Dexter J Wiseman, Ryan S Thwaites, Simon B Drysdale, Sophie Janet, Gavin C Donaldson, Jadwiga A Wedzicha, Peter J Openshaw, the RESCEU Investigators.
Respiratory syncytial virus (RSV) is the most common cause of bronchiolitis in young infants. However, it is also a significant pathogen in older adults. Validated biomarkers of RSV disease severity would benefit diagnostics, treatment decisions, and prophylactic interventions. This review summarizes knowledge of biomarkers for RSV disease in adults.
A literature review was performed using Ovid Medline, Embase, Global health, Scopus, and Web of Science for articles published 1946–October 2016. Nine articles were identified plus 9 from other sources.
From observational studies of natural infection and challenge studies in volunteers, biomarkers of RSV susceptibility or disease severity in adults were: (1) lower anti-RSV neutralizing antibodies, where neutralizing antibody (and local IgA) may be a correlate of susceptibility/severity; (2) RSV-specific CD8+ T cells in bronchoalveolar lavage fluid preinfection (subjects with higher levels had less severe illness); and (3) elevated interleukin-6 (IL-6), IL-8, and myeloperoxidase levels in the airway are indicative of severe infection.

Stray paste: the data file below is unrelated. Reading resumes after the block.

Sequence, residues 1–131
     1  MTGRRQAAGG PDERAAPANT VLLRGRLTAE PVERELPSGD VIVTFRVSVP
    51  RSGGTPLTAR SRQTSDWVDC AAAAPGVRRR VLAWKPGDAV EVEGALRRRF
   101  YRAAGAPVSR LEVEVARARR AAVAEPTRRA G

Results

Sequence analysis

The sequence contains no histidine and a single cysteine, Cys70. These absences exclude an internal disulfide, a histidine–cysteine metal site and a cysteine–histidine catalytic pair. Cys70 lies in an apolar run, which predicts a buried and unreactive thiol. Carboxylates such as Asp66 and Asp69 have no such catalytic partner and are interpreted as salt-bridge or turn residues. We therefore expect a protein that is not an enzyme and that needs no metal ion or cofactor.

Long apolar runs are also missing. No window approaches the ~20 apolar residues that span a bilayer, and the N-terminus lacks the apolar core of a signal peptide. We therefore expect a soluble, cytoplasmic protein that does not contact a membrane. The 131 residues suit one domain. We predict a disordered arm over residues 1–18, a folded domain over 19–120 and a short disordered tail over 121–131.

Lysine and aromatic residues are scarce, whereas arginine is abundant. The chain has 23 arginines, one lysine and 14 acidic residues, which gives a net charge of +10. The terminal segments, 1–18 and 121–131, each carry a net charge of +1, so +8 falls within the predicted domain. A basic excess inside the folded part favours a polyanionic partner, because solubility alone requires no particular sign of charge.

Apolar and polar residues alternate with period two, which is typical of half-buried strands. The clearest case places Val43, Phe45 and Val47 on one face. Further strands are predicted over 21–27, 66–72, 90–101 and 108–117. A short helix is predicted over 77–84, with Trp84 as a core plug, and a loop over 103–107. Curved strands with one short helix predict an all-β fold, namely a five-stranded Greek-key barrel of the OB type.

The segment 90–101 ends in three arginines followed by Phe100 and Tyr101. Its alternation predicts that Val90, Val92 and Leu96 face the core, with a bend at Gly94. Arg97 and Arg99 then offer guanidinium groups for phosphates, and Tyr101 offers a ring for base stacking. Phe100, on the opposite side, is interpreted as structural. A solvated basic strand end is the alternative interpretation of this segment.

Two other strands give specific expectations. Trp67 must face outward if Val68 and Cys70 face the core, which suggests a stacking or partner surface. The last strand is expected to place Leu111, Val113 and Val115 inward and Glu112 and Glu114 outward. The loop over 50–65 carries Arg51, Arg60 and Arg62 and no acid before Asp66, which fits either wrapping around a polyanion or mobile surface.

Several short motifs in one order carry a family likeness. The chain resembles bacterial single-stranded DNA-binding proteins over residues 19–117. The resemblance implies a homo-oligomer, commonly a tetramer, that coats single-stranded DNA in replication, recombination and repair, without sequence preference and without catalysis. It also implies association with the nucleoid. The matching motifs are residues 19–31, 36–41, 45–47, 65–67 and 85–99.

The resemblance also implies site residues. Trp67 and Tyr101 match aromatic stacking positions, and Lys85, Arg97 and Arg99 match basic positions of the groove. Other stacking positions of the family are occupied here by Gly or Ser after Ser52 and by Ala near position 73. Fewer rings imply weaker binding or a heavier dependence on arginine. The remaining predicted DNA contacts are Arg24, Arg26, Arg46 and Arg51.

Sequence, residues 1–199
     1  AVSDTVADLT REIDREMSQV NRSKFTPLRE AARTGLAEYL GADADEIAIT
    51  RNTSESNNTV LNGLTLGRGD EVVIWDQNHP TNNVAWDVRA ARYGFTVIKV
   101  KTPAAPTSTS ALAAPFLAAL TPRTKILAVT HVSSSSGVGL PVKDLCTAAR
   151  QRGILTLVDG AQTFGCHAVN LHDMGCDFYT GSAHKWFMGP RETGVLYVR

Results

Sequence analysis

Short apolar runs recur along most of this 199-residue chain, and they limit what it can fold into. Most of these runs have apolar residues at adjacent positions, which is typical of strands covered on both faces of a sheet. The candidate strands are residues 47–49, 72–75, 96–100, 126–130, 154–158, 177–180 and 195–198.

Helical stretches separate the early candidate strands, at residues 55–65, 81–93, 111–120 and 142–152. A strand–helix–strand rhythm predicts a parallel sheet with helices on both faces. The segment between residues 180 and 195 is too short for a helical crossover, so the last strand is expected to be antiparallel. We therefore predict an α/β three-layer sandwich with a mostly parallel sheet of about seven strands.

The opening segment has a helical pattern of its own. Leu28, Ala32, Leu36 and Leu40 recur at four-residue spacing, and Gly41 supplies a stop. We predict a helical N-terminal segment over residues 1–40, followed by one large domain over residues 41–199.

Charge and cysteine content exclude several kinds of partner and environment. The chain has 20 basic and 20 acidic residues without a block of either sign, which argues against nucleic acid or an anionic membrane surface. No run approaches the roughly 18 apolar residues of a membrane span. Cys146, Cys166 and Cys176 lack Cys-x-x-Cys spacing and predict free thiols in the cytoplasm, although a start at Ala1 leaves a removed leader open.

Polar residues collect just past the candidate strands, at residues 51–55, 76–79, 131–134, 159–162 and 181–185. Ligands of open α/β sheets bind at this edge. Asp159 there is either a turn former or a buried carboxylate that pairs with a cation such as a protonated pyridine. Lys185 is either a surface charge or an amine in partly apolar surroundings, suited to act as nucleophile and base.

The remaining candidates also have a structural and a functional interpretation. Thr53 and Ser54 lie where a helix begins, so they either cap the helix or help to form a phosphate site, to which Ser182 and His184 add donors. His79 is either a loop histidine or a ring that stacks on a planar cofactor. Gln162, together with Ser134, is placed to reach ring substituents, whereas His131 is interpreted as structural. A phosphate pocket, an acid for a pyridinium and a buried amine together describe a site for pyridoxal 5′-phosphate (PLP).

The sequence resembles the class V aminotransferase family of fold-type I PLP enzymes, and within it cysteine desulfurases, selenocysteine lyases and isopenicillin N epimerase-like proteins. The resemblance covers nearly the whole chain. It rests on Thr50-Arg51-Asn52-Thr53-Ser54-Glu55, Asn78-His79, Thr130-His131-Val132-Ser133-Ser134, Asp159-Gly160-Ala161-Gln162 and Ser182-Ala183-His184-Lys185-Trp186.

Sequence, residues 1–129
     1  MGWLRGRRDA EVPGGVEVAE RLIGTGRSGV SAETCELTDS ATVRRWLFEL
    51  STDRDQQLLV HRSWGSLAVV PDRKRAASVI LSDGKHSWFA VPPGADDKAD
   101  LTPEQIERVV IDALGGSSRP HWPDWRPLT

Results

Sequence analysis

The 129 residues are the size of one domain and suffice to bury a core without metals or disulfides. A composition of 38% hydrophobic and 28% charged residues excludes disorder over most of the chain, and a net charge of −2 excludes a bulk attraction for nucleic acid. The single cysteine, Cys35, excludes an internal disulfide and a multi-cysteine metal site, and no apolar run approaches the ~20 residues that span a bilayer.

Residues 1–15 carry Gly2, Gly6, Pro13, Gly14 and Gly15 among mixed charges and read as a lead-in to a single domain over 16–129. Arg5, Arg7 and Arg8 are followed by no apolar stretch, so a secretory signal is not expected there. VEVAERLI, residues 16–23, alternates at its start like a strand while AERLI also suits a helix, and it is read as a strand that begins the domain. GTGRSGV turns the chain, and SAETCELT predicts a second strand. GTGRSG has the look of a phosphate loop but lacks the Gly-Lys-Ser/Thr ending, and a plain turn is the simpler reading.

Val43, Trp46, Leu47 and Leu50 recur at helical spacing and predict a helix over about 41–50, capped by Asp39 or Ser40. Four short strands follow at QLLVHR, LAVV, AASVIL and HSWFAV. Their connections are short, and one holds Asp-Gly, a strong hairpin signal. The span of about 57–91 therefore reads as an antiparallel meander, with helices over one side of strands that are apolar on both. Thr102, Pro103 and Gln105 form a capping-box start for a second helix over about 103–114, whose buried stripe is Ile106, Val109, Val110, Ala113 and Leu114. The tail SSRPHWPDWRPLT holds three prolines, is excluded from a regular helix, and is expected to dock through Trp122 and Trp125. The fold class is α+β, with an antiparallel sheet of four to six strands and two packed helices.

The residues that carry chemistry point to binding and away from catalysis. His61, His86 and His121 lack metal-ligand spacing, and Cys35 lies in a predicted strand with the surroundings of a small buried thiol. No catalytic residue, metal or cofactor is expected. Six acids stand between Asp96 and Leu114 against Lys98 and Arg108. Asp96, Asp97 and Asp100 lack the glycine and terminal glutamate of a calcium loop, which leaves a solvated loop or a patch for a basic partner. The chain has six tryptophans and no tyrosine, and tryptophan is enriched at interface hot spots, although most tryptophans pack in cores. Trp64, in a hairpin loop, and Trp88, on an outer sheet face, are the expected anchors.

Factors determining susceptibility to and severity of RSV disease in adults have not been well defined. Respiratory mucosal antibodies and CD8+ T cells appear to contribute to preventing infection and modulation of disease severity. Studies of RSV pathogenesis in at-risk populations are needed.
Full article here.